4-D's poster [PDF]

For larger bodies of water, FBC EH recommends:

  • Change water in wading pools and birdbaths several times a week.
  • Use mosquito dunks or other approved larvicide for water that cannot be emptied or covered.
  • Keep backyard pools and hot tubs properly chlorinated and free of debris.
  • Screen rain barrels and openings to water tanks or cisterns.

Where mosquitoes grow around your home [PDF]

How to Choose the Right Insect Repellent

Use the EPA's Right Insect Repellent search tool to help you choose the repellent product that is right for you. You can specify:

  • mosquitoes, ticks, or both;
  • protection time;
  • active ingredient; or
  • other product-specific information

Beekeeper Information

By using an integrated vector management strategy, we aim to protect your hives and other pollinators through the following strategies:

  • Applying products through an Ultra Low Volume system that reduces the impact on bees
  • Apply adulticide products at night, when pollinators are less active
  • Using products that are specifically labelled and tested for control of mosquitoes

Steps you can take to reduce exposure to your hives:

  • Cover hives at night when bees are less active
  • Keep hives away from the street—at least 300 feet if possible
  • Create a barrier between the street and your hives

If you would like to request your house, or areas you keep hives to not be sprayed, email with your address/the address you do not wish to be treated, with the subject line: Do Not Spray – Bees.

If you do not wish to have your property treated for another reason, email with your address/the address you do not wish to be treated, with the subject line: Do Not Spray – Other.

For more information on Mosquito Control and pollinator protections, visit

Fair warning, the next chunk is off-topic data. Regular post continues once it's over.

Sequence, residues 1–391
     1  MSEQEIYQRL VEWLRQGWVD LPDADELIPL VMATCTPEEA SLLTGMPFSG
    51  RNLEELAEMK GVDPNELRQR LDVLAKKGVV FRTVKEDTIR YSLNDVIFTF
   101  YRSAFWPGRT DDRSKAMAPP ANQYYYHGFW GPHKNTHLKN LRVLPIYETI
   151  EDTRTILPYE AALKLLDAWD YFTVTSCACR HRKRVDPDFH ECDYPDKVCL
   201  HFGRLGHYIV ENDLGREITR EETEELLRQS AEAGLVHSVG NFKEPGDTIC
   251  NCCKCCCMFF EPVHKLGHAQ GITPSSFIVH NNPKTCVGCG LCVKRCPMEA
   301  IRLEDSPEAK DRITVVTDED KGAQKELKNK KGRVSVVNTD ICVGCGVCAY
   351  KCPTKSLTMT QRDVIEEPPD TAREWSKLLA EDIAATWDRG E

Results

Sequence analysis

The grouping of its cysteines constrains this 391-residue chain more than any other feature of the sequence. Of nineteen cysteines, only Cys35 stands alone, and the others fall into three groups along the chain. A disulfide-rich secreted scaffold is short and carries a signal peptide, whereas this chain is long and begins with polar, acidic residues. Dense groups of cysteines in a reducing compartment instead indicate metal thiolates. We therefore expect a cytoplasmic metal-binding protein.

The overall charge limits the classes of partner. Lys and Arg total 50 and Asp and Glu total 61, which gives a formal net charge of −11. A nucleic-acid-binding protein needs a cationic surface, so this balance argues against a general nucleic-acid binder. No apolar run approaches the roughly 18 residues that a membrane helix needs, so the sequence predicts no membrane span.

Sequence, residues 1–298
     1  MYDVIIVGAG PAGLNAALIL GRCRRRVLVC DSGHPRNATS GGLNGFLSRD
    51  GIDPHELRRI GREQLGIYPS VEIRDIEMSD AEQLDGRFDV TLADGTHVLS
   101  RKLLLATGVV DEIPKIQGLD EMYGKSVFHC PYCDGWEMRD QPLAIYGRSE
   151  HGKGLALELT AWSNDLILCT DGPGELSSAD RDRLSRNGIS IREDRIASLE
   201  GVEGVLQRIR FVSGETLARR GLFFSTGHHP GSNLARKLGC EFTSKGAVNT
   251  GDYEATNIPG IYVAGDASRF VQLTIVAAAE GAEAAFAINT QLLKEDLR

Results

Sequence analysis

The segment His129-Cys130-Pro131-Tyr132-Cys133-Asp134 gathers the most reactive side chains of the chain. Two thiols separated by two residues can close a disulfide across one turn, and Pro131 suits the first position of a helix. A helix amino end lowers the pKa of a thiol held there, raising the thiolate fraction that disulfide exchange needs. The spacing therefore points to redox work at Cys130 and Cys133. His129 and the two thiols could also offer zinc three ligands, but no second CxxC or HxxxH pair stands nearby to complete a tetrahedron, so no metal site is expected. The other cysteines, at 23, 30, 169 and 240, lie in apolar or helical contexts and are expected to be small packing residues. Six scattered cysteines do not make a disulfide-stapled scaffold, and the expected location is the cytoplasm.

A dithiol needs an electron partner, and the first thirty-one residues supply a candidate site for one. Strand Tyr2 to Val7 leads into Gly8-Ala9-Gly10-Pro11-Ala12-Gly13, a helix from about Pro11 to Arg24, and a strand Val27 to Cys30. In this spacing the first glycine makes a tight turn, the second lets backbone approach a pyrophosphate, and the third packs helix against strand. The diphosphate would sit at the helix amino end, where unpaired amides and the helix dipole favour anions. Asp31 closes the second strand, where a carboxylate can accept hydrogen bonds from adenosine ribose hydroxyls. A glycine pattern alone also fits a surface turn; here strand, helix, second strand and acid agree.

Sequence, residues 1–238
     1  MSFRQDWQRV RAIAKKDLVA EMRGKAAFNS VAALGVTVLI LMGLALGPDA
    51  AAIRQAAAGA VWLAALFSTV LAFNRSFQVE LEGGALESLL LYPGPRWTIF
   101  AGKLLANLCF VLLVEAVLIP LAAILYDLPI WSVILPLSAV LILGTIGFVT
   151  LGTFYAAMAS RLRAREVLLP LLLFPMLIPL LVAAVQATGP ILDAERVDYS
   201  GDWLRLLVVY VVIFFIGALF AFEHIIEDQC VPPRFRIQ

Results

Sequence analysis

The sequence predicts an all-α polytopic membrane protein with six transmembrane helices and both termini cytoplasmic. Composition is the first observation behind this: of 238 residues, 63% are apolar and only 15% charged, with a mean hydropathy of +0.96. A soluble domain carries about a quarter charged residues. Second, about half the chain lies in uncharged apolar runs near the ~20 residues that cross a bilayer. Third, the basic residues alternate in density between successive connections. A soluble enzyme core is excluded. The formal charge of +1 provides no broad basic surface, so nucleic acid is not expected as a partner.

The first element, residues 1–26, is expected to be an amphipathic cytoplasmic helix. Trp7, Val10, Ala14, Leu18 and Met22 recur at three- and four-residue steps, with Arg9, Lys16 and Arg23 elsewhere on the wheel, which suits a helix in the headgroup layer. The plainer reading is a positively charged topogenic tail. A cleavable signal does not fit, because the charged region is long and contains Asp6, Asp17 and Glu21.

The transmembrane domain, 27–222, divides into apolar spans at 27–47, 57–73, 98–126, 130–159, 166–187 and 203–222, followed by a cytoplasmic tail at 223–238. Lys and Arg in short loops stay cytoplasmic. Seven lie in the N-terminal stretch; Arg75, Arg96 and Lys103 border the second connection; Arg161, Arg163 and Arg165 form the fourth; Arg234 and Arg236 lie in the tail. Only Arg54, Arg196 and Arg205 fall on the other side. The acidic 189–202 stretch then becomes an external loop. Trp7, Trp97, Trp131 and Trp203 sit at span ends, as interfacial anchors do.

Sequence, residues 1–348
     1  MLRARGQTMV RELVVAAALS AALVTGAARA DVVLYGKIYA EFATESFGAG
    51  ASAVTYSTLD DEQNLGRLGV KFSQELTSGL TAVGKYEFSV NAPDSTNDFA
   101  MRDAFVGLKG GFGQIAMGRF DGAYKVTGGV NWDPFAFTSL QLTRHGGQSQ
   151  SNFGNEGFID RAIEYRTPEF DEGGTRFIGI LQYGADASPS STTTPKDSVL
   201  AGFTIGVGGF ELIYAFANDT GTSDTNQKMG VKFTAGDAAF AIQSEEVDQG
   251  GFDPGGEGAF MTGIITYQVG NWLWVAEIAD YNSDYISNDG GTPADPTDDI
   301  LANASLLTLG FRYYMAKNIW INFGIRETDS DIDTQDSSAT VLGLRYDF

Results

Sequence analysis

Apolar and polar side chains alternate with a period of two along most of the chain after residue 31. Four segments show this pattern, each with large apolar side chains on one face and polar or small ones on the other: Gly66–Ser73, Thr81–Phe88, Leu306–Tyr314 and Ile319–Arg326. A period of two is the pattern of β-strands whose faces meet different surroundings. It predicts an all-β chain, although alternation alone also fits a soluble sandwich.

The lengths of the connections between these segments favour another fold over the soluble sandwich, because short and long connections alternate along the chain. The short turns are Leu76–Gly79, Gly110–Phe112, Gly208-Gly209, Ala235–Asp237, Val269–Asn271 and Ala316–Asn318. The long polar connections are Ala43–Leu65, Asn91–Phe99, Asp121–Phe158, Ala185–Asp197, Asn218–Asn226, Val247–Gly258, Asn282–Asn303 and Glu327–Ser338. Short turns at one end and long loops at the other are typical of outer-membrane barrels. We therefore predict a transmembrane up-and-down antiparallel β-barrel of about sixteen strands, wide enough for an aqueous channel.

Additional Information

Residents are encouraged to use the provided resources to learn more and take preventative measures to protect themselves and loved ones.

West Nile Virus Information from the CDC

Zika Virus Information from the CDC

How to Fight the Bite

Frequently Asked Questions

Do we have West Nile Virus in Fort Bend County?

Yes, WNV has been found in Fort Bend County since 2001 and is primarily transmitted through the bite of the southern house mosquito, Culex quinquefasciatus.

What is the risk of someone becoming infected with West Nile?

WNV poses a low risk. Even in regions where the virus is present, only approximately 1% of mosquitoes carry it. Around 80% of WNV cases are asymptomatic, meaning a person never gets sick. About 20% of those infected may develop West Nile fever, characterized by flu-like symptoms. Less than 1% of individuals bitten and infected will develop West Nile neuroinvasive disease, though those who are immunocompromised or over 50 years old are at higher risk for this severe form.

Can dogs, cats, and other pets get the West Nile virus?

Yes, pets can get WNV. Horses are very susceptible but can be vaccinated. Cats and dogs rarely, if ever, get sick. Most infections have been identified in birds. Birds can become very ill from the virus, so it is recommended that pet birds be kept indoors, especially during dawn and dusk.

How long does it take to get sick if bitten by an infected mosquito?

The typical incubation period ranges from 2 to 6 days but can extend to 14 days. Individuals with specific medical conditions affecting the immune system may experience a prolonged incubation period.

What can I do about biting gnats?

Biting gnats are a nuisance insect that, primarily, is active during the day and is not a disease carrier. Therefore, adulticide spraying is not performed. Residents are advised to practice the Four Ds to aid in preventing exposure: Dusk & Dawn, Drain, Dress, and Defend.

Report Mosquito Activity